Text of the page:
Electric vehicles are a fascinating subject and not a day goes by without Tesla or a major OEM touting their latest designs and the virtues of electrification of their light vehicle fleet. That excludes Marchionne, Ferrari’s CEO, who famously retorted that ‘you’ll have to shoot me first’ before the supercar brand develops a vehicle without the roaring sound of an internal combustion engine.
Electric vehicles clearly have their benefits in heavily populated cities, moving emissions and noise pollution to out-of-town generation units and reducing pollutants through the use of renewable technology. The ‘cradle to grave’ emission footprints for an EV is less well defined, and to a large part will depend on the source of battery’s raw materials, battery longevity as well as the source of the electricity consumed. Some reports suggest ‘cradle to grave’ emission profiles consistent with that of a 40-50mpg ICE car can be achieved and improved on over time.
Adoption rates of EV’s will be dependent on several factors including policy, battery cost improvements, sentiment, grid infrastructure and vehicle automation. As such, estimates of future EV sales have a large range reflecting these uncertainties. We take a brief look at the impact of EV’s on short and medium oil demand below. The upshot is that EV’s, even in the most bullish adoption projections, are unlikely to have a material impact on oil demand over the next ten years. Moving out to 2035 and beyond, as we see a material shift in new vehicle sales towards EVs in high growth markets, the impact becomes more pronounced (c.3.5% of oil demand by 2035 in the high case). But the spread in forecasts is still large with BP predicting c.100m EVs on the road by 2035 compared to more aggressive forecasts suggesting it could be 3x this figure.
The graph below shows the delta between high (Bloomberg New Energy Finance) and Low (BP) forecasts on EV adoption on oil demand at 2.6mmbod. (We assume an increase in average fuel efficiency from 30mpg to 50mpg in this analysis).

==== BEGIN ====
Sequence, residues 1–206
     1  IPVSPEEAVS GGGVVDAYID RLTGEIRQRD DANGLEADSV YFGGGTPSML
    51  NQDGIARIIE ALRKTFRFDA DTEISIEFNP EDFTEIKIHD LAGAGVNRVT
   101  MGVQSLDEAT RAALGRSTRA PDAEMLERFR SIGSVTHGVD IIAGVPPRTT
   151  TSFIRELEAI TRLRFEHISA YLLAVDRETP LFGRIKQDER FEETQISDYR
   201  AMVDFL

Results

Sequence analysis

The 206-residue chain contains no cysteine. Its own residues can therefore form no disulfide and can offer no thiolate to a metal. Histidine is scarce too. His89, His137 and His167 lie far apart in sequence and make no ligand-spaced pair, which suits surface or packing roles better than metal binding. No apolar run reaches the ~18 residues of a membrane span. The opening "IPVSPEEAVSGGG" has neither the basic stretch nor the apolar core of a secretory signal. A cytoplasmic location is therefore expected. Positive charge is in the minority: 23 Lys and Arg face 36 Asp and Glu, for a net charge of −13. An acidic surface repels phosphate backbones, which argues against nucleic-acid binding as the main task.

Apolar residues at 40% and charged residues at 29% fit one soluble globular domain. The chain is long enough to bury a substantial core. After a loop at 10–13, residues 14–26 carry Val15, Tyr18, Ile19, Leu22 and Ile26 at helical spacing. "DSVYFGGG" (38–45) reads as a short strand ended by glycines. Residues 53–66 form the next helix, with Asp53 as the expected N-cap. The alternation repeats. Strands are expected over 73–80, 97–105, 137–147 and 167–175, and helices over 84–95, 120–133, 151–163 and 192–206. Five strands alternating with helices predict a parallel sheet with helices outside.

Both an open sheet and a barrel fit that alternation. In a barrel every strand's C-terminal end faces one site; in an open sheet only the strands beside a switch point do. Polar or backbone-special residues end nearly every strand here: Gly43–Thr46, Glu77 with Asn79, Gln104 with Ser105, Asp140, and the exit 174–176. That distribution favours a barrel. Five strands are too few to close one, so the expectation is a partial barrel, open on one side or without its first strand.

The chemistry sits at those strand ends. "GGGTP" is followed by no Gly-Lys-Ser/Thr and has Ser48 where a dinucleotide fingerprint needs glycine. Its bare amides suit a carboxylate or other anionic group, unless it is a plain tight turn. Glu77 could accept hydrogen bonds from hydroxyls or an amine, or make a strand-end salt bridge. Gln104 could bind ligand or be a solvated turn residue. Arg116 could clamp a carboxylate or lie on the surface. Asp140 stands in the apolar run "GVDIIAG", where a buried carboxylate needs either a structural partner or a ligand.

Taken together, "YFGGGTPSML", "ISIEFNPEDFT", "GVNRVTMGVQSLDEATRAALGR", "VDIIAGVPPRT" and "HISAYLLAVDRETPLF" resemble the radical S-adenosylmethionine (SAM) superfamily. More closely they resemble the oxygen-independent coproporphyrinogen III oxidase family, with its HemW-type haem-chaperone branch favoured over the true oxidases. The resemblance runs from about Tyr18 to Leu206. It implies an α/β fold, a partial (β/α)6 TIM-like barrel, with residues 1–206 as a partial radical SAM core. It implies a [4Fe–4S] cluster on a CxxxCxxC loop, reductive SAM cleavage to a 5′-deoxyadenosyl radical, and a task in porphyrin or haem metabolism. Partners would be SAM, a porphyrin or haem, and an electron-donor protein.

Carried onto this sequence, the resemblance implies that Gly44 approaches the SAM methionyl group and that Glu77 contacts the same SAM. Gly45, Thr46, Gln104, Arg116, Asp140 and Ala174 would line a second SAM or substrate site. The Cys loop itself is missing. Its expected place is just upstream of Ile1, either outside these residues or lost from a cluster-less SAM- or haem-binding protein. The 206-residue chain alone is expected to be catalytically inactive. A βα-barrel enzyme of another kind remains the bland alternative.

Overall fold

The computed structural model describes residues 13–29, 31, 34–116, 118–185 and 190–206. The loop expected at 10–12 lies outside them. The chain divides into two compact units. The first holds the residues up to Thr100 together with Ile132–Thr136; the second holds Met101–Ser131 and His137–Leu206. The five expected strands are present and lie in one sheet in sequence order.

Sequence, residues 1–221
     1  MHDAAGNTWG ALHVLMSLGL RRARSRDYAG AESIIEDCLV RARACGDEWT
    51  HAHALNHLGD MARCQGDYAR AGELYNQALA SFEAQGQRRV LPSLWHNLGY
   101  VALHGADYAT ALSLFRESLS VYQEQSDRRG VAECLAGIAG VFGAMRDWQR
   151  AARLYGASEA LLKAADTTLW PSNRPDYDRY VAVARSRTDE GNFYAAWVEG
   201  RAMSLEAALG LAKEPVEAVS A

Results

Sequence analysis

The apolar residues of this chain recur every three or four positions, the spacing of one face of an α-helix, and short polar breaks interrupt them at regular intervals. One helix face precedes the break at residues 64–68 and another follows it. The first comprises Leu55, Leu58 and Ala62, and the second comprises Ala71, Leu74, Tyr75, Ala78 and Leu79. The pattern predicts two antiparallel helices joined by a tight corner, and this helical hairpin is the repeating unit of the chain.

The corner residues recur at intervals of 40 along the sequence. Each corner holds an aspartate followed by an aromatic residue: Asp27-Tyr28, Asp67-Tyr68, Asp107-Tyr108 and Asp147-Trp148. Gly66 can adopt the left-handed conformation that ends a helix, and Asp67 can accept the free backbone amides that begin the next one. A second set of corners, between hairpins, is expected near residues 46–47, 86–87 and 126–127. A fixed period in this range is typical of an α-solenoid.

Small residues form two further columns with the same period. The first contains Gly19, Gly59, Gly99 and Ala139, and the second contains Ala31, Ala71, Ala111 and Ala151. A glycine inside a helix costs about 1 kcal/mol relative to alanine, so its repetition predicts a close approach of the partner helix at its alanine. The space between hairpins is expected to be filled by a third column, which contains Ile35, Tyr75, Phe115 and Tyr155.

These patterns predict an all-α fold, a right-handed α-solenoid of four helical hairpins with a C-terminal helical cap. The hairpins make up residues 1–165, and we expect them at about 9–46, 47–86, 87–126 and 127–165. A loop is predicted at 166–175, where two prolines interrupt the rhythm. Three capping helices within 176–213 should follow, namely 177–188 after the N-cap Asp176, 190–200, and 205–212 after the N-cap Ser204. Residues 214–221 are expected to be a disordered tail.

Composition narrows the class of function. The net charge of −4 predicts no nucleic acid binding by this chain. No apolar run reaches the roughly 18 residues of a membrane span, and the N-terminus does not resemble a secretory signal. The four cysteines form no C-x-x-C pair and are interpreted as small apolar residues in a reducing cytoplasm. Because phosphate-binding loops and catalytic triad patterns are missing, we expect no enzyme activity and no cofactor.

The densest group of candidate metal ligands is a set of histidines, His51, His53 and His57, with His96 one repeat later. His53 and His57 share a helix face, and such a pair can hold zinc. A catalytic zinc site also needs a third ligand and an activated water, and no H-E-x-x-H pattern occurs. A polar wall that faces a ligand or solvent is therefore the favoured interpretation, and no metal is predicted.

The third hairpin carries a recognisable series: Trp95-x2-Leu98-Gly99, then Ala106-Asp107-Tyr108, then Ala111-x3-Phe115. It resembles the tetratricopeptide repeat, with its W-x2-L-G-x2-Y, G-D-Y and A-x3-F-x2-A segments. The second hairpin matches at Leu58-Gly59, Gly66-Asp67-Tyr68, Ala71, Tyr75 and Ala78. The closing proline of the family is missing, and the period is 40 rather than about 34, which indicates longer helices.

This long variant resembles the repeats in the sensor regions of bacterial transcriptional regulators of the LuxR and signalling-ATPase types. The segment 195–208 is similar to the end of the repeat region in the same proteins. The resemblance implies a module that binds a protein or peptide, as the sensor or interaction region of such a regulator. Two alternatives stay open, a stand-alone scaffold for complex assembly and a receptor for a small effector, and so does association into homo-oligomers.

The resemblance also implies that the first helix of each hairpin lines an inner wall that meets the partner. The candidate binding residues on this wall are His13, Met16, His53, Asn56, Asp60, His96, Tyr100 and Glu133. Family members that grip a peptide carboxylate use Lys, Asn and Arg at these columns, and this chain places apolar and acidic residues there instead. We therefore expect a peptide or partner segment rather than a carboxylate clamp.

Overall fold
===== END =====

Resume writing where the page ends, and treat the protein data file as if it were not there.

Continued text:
The high case is displayed as percentage of oil demand (BP demand forecasts) in the graph below:
Beyond the electrification of the vehicle fleet we can expect to hear further technological advances in the electrification of other forms of transportation including light and heavy trucks, small boats and ships, and even light aircraft*. The market waits with bated breath for news of the Tesla electric truck at the end of October. Even though trucks make up only 5% of the global vehicle fleet they consume c.20% of road transport fuel due to their high fuel consumption and mileage therefore e-truck adoption will also be a key consideration for global oil markets. Market reports suggest eTrucks have potential to displace a further 2-3% of global liquids demand by 2050. The wide-scale adoption of e-planes is likely to be several decades away – EasyJet’s first short haul electric commercial jet is currently under development with Wright Electric, but for now I think we’ll be sticking to the jet engine.
*IEA Estimates suggest that c.30% of crude oil demand comes from light road vehicles, 17% from heavy road vehicles, 5% from sea transport and 6% from air transport.